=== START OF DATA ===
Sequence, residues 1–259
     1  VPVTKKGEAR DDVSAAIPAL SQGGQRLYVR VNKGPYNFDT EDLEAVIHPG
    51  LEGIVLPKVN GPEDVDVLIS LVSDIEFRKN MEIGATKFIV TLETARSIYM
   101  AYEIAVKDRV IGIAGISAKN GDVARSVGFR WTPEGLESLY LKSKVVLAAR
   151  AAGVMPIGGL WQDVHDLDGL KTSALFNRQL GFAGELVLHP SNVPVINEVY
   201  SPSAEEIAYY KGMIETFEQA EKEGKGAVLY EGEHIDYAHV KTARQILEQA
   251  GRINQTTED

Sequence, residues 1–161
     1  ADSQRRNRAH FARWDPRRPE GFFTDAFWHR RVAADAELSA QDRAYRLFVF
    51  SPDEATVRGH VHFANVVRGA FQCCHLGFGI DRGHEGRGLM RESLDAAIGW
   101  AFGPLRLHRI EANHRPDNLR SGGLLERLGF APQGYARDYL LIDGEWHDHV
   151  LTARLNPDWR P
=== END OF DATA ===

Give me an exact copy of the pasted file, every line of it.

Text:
Sequence, residues 1–259
     1  VPVTKKGEAR DDVSAAIPAL SQGGQRLYVR VNKGPYNFDT EDLEAVIHPG
    51  LEGIVLPKVN GPEDVDVLIS LVSDIEFRKN MEIGATKFIV TLETARSIYM
   101  AYEIAVKDRV IGIAGISAKN GDVARSVGFR WTPEGLESLY LKSKVVLAAR
   151  AAGVMPIGGL WQDVHDLDGL KTSALFNRQL GFAGELVLHP SNVPVINEVY
   201  SPSAEEIAYY KGMIETFEQA EKEGKGAVLY EGEHIDYAHV KTARQILEQA
   251  GRINQTTED

Sequence, residues 1–161
     1  ADSQRRNRAH FARWDPRRPE GFFTDAFWHR RVAADAELSA QDRAYRLFVF
    51  SPDEATVRGH VHFANVVRGA FQCCHLGFGI DRGHEGRGLM RESLDAAIGW
   101  AFGPLRLHRI EANHRPDNLR SGGLLERLGF APQGYARDYL LIDGEWHDHV
   151  LTARLNPDWR P